Fixing your Documentation Problem
Nick Cinger Oct 27
You might feel like you don't really have a problem, but statistically speaking, you probably do. And even if you do have documentation, there are ways of making a better habit out of writing it.
We'll go over a few of the go-to excuses(not to be confused with "excuses for using
goto") and discuss approaches to fixing this.
Table of contents:
- The Pains
- The Excuses
- The Solutions
If you've worked on any project that is not 100% your own making, you've had plenty of problems due to outdated or lacking documentation. I don't mean to invoke those painful memories(feel free to skip ahead), but let's go through some of the more serious ones, for those that haven't shared in the joy of coding blind.
You're plopped into a project for the first time, and if you're lucky you have colleagues that have been here longer than you that can help guide you. And if you're born under a lucky star, they will have the patience to help you and documentation to point you too.
But, alas, most are not so lucky. Most likely you're thrown into the deep end by yourself. Alternatively, you're not alone but your colleagues are too busy drowning in the same mess. Lack of documentation means you're stabbing in the dark, breaking things more often than not, and regularly misinterpreting how the system works.
Your days are filled with reading logs and stack traces, putting
var_dump($data);exit();s everywhere while you attempt to make heads or tails of the thing. By the end of the week you're exhausted and your TODO list isn't any shorter. This might sounds like a Legacytm problem, but it happens with young projects as well.
To make matters worse, you quickly become part of the problem. There are no "documentation guidelines" on the project, and you don't have time to be the first one to get the ball rolling. Instead, you rely on your own notes, spread across your notepad and .txt files. More often than not you go into the source code, 5 levels deep in the stack, to figure out how to fix minor spelling issues.
The day you figure out how to use
CTRL+SHIFT+F(find in files) is the day you decide that you don't even need documentation, because you know your way around. And this becomes one of the many crutches you'll need to get by on the project.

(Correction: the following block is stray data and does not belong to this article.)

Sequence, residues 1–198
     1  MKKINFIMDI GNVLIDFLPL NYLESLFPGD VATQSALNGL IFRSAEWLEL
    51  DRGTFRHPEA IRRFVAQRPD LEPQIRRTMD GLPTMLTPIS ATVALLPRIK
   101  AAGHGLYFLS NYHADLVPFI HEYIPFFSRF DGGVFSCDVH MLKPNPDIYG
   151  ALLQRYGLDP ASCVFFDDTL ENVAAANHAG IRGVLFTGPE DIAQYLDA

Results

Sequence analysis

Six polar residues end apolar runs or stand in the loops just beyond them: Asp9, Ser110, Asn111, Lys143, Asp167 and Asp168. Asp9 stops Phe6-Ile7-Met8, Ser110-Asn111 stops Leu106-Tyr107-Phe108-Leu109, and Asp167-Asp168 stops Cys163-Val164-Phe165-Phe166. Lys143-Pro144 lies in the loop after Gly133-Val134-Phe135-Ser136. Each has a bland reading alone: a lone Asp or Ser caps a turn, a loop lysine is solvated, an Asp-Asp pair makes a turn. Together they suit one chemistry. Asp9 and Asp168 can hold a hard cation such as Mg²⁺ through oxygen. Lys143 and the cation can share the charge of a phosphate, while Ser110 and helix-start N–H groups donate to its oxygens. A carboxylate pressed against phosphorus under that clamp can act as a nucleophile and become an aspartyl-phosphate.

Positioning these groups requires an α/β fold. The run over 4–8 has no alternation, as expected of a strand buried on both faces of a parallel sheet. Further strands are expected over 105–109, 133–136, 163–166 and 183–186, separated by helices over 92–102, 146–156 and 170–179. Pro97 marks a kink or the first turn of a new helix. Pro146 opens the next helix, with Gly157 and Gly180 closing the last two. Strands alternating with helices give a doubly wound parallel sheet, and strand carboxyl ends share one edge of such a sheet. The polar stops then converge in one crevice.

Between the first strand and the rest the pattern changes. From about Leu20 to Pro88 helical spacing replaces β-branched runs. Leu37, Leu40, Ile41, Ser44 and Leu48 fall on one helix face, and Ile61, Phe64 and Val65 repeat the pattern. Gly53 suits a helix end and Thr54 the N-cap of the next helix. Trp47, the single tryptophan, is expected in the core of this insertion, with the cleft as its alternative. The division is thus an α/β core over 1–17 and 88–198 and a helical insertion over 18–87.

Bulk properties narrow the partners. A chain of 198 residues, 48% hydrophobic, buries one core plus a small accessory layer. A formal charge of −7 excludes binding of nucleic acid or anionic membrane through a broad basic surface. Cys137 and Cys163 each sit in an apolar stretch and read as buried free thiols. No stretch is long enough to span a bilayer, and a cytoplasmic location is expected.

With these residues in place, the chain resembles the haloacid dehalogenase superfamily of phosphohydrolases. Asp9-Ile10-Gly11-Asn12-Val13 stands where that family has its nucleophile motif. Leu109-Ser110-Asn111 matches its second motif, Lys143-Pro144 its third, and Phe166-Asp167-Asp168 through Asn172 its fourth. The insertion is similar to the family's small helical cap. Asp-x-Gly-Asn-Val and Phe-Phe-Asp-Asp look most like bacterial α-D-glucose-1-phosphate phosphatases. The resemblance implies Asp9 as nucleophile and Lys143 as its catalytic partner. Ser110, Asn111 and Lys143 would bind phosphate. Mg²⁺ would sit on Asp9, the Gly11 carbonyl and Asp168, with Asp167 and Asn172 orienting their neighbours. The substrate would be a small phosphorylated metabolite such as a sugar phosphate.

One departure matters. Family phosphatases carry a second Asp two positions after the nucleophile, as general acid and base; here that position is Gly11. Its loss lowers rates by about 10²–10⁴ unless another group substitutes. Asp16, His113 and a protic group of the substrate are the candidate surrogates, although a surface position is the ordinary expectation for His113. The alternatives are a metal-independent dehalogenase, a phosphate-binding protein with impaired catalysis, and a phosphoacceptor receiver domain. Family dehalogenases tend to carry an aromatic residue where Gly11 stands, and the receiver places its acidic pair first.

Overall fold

Programmers tend to think of themselves as highly rational people. And this may very well be the case, but they take it a step too far, by rationalizing their mistakes and laziness, thus making it very hard to change their habits.
The favorite excuse (of us all, I might add) is:
"I comment my code well enough, I don't need extra documentation."
While it might be true that your code is the pinnacle of descriptiveness, the fact is that if you have to dive into the code to understand a feature you're already making a mistake. It makes sense to dive into the source to make estimates or understand the nuances of the process, but if you're looking at source code to understand a feature, you have a documentation problem. Now, dialing this excuse up to 11:
"My code is descriptive enough, I don't need documentation on top of it."
This can only be true if you're writing the simplest of CRUD apps. And even with CRUD apps there's a case to be made for proper docs. Additionally, you're not the only person needing the documentation. As the company grows the documentation will become useful to:
- Other developers
- QA testers
- Sales and Marketing
- You, 6 months after writing the feature
The list goes on, and the sooner you start writing docs, the less issues you'll have down the road.